Watercolor sketching is a great stretching exercise. The point of sketching is to capture the essential feeling of a scene as quickly as possible without regard to detail…as opposed to rendering a photographic representation. As mentioned previously, the soul of a painting—the "Art"—is often inversely proportional to detail, accuracy, realism…and, to some extent, time spent.
With this in mind, sketching helps take some of the pressure off the results as we only want to capture an impression and mood. Maybe it's the cobalt blue sky, or the contrast between subject and sky. The pencil drawing should be loose and lack most of the detail and accuracy your mind and eyes are telling you to include. This is a battle of will, to simplify, simplify, simplify. It is quite likely that most of your favorite paintings…the one's you are most happy with…will be "loose" sketches.
If you are self conscious like I am, sketching "plein air" (on scene outdoors) when there is an audience looking over my shoulder is counter productive in that it tightens me up. Sketching is all about teaching us to loosen up. Since I need to be alone in order to be loose, sometimes I take photos of the subject from where I would paint if there were no people and do a sketch from the photo. However, there is much to be gained from painting plein air that has nothing to do with painting. It is a courageous act for a beginner to paint in public. It has been suggested that one should disrobe before painting in public as it takes the focus off the "art."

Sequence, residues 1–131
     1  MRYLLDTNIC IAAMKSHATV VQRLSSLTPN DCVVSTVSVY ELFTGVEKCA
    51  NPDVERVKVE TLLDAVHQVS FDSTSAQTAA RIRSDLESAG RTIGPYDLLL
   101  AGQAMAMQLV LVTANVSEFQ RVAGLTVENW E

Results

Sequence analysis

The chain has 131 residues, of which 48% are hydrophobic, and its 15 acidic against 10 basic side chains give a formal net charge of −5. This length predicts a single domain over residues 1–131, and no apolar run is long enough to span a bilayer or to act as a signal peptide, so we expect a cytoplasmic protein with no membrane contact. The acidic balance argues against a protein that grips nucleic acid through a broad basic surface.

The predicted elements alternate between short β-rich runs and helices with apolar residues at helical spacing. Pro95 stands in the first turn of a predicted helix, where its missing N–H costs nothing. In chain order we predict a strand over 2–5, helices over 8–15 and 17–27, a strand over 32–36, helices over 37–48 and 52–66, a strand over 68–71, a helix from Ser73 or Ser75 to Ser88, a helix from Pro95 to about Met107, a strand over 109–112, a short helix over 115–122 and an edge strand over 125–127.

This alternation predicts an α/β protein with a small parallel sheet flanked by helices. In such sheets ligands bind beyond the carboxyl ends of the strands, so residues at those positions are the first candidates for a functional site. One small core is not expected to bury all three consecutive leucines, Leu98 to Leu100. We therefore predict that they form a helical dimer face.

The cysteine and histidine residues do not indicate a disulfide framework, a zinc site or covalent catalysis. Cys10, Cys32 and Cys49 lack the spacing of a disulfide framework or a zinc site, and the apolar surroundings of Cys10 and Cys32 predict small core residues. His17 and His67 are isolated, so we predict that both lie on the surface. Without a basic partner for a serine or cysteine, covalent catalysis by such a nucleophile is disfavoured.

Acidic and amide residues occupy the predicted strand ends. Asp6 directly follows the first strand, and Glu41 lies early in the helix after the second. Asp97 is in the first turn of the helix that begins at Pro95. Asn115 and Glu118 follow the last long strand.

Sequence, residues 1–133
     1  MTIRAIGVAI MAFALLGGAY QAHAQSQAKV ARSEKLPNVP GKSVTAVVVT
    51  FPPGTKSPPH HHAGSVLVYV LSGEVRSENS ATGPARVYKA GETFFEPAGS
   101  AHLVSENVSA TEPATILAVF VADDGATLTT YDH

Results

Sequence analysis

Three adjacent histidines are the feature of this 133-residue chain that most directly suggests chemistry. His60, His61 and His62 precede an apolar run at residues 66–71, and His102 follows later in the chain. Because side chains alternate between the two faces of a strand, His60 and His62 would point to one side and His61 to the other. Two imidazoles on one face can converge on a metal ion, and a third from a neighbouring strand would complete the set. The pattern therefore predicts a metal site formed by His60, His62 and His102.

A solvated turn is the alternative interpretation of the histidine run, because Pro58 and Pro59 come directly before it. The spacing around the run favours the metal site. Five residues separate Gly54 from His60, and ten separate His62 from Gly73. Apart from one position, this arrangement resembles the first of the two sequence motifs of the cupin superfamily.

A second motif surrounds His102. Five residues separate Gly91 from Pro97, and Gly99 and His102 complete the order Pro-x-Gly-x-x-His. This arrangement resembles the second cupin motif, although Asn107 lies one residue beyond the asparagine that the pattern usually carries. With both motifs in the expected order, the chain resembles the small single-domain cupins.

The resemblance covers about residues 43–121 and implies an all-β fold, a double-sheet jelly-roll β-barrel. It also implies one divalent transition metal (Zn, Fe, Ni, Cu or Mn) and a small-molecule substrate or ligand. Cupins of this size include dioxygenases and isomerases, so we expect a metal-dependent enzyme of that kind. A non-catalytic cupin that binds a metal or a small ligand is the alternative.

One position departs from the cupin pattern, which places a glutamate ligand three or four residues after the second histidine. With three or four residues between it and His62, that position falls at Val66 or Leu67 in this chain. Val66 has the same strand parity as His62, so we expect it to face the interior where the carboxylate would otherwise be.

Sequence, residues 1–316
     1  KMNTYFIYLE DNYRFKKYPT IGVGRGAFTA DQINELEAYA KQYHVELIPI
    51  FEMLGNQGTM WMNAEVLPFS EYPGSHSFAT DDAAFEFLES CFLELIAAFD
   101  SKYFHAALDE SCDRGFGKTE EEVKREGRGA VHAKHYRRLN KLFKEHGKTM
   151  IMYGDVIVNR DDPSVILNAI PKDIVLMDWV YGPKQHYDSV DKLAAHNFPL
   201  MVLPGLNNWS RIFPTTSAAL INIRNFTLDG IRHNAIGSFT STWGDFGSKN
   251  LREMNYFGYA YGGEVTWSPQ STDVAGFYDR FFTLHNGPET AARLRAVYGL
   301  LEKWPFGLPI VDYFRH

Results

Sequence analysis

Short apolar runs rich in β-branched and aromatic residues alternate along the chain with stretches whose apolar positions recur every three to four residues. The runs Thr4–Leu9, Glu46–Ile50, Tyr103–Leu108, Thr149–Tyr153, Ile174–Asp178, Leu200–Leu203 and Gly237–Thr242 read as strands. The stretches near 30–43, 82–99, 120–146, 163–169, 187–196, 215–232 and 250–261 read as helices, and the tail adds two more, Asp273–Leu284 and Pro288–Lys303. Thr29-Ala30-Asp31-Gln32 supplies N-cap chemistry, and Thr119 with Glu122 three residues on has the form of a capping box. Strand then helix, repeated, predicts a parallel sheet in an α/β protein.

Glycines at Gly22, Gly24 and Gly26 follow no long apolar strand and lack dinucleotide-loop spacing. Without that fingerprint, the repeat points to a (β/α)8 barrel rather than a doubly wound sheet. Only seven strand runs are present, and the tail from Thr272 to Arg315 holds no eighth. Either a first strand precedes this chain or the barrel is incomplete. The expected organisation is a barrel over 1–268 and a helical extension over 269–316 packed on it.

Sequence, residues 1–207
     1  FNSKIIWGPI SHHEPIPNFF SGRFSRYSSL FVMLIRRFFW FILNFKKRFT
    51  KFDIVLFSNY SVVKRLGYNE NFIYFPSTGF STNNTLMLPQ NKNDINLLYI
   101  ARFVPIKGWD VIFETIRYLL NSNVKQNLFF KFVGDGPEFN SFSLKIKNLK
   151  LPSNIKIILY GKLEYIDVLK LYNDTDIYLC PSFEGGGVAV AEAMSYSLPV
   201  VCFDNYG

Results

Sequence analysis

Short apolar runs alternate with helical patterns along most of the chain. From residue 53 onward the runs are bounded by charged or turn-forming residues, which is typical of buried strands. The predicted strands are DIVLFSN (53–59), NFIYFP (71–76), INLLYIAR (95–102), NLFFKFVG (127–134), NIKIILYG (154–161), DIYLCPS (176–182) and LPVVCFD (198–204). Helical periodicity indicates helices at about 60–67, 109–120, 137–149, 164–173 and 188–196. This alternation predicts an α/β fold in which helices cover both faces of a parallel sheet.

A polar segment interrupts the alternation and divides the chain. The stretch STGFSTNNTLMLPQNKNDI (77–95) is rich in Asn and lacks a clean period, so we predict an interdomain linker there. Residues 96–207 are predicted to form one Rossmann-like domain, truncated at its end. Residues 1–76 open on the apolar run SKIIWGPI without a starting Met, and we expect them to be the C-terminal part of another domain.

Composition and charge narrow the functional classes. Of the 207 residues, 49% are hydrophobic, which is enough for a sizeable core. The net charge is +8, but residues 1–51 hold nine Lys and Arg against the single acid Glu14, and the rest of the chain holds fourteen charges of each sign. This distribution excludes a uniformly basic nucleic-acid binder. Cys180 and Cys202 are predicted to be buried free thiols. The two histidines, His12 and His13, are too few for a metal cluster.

|San Xavier Mission, Tucson, Az..|
Shown below are a few paintings that began as playing, i.e., dropping various complementary colors onto a wet surface and watching them blend into shapes. As the paint begins to dry you will begin to see "something" (or near something) take form. Like below, I saw a partly cloudy sky and then colors that reminded me of Zion, so I added some cliffs and a little definition and a little more color. Bingo. Zion. Watercolors are like strong women…they have a mind of their own and sometimes you just need to follow…let them take you, instead of trying to force your will on the painting. You will learn more about painting by "Playing" than all the workshops and books in Sedona. If you just sketch and play there is less disappointment and you will itch to do it again and again just to see what happens…wet paint into wet paper.
The painting below came about by "playing" after a visit to Yosemite National Park, where I was fascinated by waterfalls.
Below is a coastal Oregon sketch painted from a photograph. I got a little bogged down in minutia…trying to show foreground grass and bushes in detail when the subject…the thing that captured my attention originally…was the distant forested hills and mountains. The too blue ocean and lighthouse pretty much stops the eye from going into the distance.
On a brillant, sunny day we tried to do a little sketch near Sedona. It was hot and dry as a desert bone, so we were forced to work fast as the paper dried immediately behind brushstrokes. Watercolor on dry paper is quickly fixed, and stark raving LOUD. Still, it was fun. In such conditions you need an umbrella to shade the painting.
Now go get some watercolors and "Play."
mark and bobbie